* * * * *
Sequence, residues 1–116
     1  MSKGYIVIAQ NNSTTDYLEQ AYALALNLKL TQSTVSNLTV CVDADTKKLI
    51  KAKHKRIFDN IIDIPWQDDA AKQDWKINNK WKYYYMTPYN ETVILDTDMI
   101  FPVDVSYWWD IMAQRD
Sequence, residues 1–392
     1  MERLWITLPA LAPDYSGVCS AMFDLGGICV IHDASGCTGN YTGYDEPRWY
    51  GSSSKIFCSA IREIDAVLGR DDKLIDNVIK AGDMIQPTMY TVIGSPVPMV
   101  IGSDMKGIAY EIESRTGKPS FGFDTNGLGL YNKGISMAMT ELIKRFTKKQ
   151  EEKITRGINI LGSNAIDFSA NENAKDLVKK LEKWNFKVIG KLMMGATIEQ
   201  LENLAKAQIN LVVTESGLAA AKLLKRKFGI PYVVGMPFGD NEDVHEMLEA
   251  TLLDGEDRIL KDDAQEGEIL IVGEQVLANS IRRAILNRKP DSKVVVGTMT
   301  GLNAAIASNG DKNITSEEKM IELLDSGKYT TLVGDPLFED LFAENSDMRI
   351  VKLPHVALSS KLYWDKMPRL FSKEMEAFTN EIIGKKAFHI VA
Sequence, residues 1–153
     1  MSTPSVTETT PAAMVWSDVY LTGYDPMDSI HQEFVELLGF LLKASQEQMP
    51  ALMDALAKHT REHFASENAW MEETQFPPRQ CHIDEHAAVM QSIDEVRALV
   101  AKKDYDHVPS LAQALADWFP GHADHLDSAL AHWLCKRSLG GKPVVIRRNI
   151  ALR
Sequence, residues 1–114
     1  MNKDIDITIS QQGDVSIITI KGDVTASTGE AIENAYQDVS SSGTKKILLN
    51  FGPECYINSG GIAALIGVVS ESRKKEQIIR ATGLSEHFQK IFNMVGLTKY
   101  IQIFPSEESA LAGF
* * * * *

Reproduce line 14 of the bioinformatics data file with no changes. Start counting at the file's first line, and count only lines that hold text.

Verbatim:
Sequence, residues 1–153